Rouging, a form of (uniform corrosion)
Corrosion can basically be referred to as an undesired, thermodynamically induced, chemical alteration of the surface of a component (in this case: one made of a stainless steel alloy).
In stainless steel alloying technology, a wide range of different local and uniform corrosive effects, resulting from various different causes and mechanisms having more or less serious consequences for the component, is known.
In the case of rouging effects on a stainless steel surface, the phenomenon is a massive alteration in, serious damage to, or even inversion of the chromium-oxide-rich passive layer due to the influence of oxygen-deficient ultrapure water at temperatures > 60 °C, or ultrapure steam. These changes then result in a predominantly iron oxide rouging layer, which can be partially wiped away. The uniform corrosion process described above is referred to as 'rouging' in the related technical literature, which is a term derived from the reddish (Feoxide-rich) material particles that can usually be wiped away.
Technically speaking, rouging describes the typical golden-yellow to reddish-brown formation of film/discolouration on stainless steel surfaces with long-term exposure to hot, oxygen-deficient, salt-free water.
In clean-steam systems with high temperatures (T > 100 °C), it is even possible to observe rouging effects in the form of dark brown to violet films that normally stubbornly adhere to the surface. Relevant material analyses have shown that the rouge film formed on the stainless steel surface is essentially composed of heavy metal oxide particles (e.g. iron, chromium, nickel, etc.), with the iron oxide content clearly being predominant. As a result, it is safe to assume that—both with regard to their type and their relation to the composition—rouging deposits are a corrosion product of the specific stainless steel alloy.
图7：红锈层的形成、（Formation of a rouge layer , ）
From a thermodynamic standpoint, the che- mical process behind the entire rouging process is thus an advanced state of oxidation of the stainless steel material, or of its metal atoms, directly on the surface that has come into contact with media, a state that goes well beyond a passivation reaction.
In combination with pure, oxygen-deficient water or clean steam as environmental conditions for austenitic stainless steel surfaces in qualities of 1.4301/1.4404/1.4435/ 1.4571 etc., high process temperatures (> 60 °C) have clear negative effects on the morphological structure or natural repassivation property of stainless steel surfaces (= self-regeneration of the passive-layer conditions).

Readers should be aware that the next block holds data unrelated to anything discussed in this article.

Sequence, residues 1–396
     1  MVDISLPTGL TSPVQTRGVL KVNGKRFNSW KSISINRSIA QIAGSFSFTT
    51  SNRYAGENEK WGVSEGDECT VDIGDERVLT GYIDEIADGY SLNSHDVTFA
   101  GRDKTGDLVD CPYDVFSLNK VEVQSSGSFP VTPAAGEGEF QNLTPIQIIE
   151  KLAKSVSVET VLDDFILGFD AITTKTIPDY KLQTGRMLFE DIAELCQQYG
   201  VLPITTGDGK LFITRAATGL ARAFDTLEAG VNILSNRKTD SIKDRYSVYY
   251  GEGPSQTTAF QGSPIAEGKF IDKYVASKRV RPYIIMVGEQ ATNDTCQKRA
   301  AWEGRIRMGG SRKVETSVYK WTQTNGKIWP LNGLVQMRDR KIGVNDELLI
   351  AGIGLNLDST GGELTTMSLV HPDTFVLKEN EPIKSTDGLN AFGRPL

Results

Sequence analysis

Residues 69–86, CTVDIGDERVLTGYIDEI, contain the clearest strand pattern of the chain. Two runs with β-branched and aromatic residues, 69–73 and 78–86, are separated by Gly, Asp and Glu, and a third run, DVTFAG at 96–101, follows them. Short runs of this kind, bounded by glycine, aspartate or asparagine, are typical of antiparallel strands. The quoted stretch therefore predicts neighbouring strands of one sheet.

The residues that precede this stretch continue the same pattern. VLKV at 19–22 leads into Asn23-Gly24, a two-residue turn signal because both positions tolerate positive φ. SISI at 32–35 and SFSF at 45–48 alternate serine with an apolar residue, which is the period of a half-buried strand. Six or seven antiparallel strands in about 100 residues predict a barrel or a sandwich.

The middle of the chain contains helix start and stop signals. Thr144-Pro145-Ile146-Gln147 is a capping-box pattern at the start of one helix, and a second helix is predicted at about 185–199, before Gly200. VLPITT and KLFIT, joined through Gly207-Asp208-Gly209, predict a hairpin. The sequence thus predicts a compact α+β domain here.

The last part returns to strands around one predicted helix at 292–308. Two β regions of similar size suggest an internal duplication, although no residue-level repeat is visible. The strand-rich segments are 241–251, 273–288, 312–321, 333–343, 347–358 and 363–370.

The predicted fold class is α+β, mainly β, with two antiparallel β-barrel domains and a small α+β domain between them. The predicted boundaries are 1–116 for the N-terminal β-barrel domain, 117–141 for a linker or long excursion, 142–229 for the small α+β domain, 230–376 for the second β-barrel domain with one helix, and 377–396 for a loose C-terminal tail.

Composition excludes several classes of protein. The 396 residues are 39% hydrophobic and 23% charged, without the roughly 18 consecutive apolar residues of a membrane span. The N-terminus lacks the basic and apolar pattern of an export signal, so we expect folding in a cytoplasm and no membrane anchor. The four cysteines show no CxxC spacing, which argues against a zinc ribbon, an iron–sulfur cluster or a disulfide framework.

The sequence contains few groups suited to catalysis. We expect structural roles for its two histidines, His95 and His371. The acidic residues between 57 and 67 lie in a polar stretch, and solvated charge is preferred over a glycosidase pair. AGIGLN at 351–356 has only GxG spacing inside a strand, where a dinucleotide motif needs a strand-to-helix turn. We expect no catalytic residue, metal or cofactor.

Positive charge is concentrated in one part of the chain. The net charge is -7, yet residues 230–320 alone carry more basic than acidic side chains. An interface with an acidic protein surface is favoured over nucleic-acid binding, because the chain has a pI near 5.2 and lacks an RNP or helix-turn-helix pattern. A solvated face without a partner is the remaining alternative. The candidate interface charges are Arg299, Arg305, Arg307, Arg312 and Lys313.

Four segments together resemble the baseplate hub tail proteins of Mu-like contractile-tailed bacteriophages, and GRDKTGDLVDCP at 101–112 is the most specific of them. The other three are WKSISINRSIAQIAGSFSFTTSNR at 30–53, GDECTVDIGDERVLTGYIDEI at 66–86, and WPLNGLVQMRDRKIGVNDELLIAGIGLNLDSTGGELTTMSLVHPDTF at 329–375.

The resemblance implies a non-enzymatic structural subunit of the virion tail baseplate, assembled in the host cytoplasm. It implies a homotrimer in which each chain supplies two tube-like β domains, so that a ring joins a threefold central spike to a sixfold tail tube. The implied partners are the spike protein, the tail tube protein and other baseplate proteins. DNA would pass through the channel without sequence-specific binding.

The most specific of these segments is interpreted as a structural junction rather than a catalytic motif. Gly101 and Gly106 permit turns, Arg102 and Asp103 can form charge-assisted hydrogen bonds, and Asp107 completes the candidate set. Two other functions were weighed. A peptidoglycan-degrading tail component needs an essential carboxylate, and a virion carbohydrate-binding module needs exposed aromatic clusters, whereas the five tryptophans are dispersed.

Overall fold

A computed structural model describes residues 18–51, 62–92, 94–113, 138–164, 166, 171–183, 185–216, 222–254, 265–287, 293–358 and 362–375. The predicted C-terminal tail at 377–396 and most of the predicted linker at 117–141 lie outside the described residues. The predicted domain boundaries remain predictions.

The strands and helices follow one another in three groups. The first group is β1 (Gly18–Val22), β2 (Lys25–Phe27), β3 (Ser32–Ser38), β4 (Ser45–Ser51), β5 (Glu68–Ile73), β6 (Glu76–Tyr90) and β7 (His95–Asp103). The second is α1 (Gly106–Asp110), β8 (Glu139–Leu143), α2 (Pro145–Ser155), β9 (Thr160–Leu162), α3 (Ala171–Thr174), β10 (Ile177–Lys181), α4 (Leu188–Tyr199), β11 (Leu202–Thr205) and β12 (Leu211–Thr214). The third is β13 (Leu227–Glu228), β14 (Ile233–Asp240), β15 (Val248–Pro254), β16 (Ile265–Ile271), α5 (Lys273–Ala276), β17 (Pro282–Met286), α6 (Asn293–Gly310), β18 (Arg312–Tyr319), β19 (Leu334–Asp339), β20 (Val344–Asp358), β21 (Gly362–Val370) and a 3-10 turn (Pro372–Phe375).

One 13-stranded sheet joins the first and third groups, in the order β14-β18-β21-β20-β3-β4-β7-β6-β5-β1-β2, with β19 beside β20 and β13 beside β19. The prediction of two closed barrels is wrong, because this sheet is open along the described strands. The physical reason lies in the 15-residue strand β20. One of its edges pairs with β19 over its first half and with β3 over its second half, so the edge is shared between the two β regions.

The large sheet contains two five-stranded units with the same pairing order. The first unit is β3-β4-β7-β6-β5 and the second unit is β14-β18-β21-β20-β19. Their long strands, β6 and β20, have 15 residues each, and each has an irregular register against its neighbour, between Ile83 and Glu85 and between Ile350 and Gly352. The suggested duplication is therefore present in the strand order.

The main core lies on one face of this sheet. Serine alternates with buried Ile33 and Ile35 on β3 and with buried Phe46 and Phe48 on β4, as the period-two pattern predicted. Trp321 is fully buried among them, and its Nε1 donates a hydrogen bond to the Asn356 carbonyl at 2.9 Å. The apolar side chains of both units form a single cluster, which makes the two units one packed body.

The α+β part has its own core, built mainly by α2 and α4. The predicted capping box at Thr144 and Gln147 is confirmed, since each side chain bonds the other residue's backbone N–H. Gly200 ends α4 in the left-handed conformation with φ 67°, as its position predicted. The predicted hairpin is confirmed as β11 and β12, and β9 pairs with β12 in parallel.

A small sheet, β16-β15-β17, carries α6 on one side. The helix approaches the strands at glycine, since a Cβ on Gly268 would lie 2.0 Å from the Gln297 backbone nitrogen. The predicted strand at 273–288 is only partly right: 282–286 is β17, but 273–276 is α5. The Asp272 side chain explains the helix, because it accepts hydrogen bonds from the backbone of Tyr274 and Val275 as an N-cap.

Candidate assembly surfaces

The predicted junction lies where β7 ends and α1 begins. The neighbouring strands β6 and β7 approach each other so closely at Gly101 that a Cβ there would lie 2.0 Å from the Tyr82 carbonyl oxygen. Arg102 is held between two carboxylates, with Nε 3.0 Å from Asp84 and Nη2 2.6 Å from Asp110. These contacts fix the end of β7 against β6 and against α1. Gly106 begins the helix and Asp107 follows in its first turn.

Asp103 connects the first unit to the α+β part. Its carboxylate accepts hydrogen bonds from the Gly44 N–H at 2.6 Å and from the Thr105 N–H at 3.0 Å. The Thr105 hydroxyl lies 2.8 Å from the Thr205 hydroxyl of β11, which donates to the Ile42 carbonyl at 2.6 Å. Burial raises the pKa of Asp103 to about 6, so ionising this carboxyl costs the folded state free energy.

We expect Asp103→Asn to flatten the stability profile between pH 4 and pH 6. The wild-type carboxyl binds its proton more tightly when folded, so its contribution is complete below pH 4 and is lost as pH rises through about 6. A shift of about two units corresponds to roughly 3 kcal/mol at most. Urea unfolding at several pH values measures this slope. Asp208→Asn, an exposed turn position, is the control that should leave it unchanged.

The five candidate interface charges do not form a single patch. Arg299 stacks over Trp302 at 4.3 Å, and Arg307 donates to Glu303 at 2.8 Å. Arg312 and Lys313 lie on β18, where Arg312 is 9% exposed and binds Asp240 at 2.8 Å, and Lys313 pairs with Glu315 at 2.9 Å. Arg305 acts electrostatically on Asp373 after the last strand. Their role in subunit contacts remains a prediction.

In addition to the oxygen depletion in the water, high water temperatures of up to 100 °C also cause an additional decompo- sition (dissociation) of water molecules accompanied by the formation of H+ and OH-ions. As a result of the increased formation of iron hydroxide, this in turn has a negative influence on the stability of the passive layer. At the same time, the oxygen deficiency causes not only a depassivation, but also prevents any further adequate repassivation (= oxidation of chromium), whereby a critical shift in the dynamic balance of deand repassivation occurs, with this balance clearly tipping towards depassivation.
Decomposition of water molecules as temperature increases Blue curve: Decrease in oxygen content Green curve: Increase in water decomposition (formation of ions) .
Taken together, this leads to a noticeable reduction in the passive layer's effectiveness and, over time, ultimately to the formation of the predominately iron oxide rouging layer, due to the systematic breakdown/decomposition of the closed protective chromium oxide layer. In the process, the impact of the iron-dominated base material is magnified. In terms of potential, these changes essentially amount to an initially local and eventually complete depassivation.
Due to its bonding energies, iron exhibits— particularly at higher temperatures—a higher affinity for the free hydroxide ions (of the water) that are present as a result of the temperature-induced increased decomposition of the water. More iron hydroxide forms on the activated stainless steel surface as a precursor of the iron(II) and iron(III) oxide.
In a thermodynamically induced phase inversion, the predominantly chromium oxide protective layer, which was initially present as a passive surface, is converted into a layer rich in iron oxide. This new iron oxide layer (= rouging layer) forms a cover which has a microporous, layered structure that is typical of rusty steel surfaces. The mechanism behind the production/formation of rouging is essentially a form of uniform corrosion. In many cases, no distinction can be made between the corrosion products of rouging and the uniform corrosion due to completely different mechanisms.
Compared to other types of corrosion, typical rouging is relatively easy to identify, usually by means of a simple swab test (see Figure 9).
图9：红锈覆盖的不锈钢表面的拭子样品（Swab sample from a stainless steel surface covered by rouging ）
In many application cases—especially in steam sterilizers—the occurrence of typical rouging films on the component surface, and the accompanying significant discolouration, cannot be avoided due to the combination of high water or water vapour temperatures, oxygen deficiency and the (thermodynamic) property of the specific material (= defined stainless steel alloy).
In light of these circumstances, operators need to specify preventative and restorative measures in order to create corrosion-resistant passive surface conditions.